Around the year 1993 it became fashionable in Paris to hold semi-formal philosophical discussions in cafés and so the term Cafe Philosophique was born. At this time, Evan Rutherford, the Mad Potter of Wirksworth orProfessor of Green Hill was giving a series of basic philosophy lessons to Scarthin Books’ Mitchell family and friends in their home. When we opened the Scarthin Books Café, we decided to follow the Parisian lead and to go public in the Café. Thus was born our own Scarthin Books Café Philosophique .
After a number of further primer-in-philosophy meetings, Evan ran out of steam (only temporariily!) and we invited other members of the growing group to lead discussions. So it has continued, at irregular intervals, for over a decade.We normally meet in the bookshop café at eight on a Saturday Night. The talk lasts about an hour, followed by something to eat and a discussion phase that goes on to ten or a bit later -and afterwards in the pub for some. Most years Evan gives a Wirksworth Festival Special in a larger venue over the hill in Wirksworth, and we occasionally colaborate with other organisations to put on specials in the Imperial Rooms, Matlock or in Cromford Community Centre if we expect the bookshop café to be too small.
We charge (2009) £4 to cover food and some advertising costs. The meetings are advertised by means of posters and the website in addition to a mailing list. We have never sought outside professional or paid speakers; it has been abundantly proved that many members of our own shifting group have at least one lecture to a very high standard inside them – perhaps based on revived university studies, on a dissertation or, more often, on an intense personal interest. Other speakers have been found through personal networks and recommendations. Over the years attendance has waxed and waned – from as few as six to as many as thirty six at Scarthin evenings; twelve to twenty is more normal and more comfortable.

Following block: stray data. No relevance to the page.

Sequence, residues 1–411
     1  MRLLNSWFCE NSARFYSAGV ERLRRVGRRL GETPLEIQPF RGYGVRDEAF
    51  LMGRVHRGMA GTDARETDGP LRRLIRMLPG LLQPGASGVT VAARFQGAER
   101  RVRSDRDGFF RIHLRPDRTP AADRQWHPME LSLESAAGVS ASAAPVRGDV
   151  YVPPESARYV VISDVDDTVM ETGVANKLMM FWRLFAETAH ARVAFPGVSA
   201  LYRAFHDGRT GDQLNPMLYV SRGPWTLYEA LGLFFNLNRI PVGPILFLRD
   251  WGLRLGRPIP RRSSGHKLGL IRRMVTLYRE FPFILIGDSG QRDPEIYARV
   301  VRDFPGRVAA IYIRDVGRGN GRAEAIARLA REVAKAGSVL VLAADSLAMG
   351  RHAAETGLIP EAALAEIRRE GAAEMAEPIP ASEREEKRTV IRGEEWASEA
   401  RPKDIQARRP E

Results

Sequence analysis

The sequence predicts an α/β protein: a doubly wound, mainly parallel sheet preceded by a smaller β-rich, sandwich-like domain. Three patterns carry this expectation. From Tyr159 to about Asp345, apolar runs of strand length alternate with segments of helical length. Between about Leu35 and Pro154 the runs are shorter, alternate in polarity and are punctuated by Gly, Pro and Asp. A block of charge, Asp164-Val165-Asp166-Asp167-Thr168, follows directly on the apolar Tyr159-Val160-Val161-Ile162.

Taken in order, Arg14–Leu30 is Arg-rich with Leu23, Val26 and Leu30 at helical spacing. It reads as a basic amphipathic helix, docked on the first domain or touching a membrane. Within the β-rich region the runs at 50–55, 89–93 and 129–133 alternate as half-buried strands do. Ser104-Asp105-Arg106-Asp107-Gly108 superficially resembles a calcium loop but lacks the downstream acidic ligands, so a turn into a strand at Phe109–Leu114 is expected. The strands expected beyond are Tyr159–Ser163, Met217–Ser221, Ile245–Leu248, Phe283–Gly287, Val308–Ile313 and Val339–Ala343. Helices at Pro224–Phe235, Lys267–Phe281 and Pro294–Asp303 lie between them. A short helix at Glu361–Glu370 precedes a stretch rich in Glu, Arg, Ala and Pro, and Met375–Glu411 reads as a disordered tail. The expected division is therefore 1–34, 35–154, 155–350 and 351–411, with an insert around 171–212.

I can vouch from experience for the effect that fear of forthcoming Philosophique has on sharpening up your research, reading and writing over a period of, usually, a couple of months or more. The aim is not merely to be able to give a stimulating and well-informed talk, but to be able to field the stimulating and well-informed questions afterwards!
I must get around to listing all the topics we have investigated – worthy of Melvyn Bragg and Radio 4.
The illustrations were taken during a break from talk, if not thought, for refreshments during David Furness’s November 2009 talk on Marx ; The Man and his Thought. For a brief review of the meeting, see our News Page and for the text Dave spoke to, the main Cafe Phil webpages.
We have recently been contacted by the Raymond Williams Foundation, dedicated, among other things, to the encouragment of Education outside the walls of academia. Having drunk thirstily at the fountain of theWorkers’ Educational Association (WEA) myself, I am delighted to be able to put in these links to their siteand the events they promote.
For information on Forthcoming Café Philosophique meetings, and the text of some past presentations, click on Les Hurst (Brain of Ilkeston)’s Cafe Philosophique site, which he keeps up to date in between giving talks himself. Les! How about giving us another!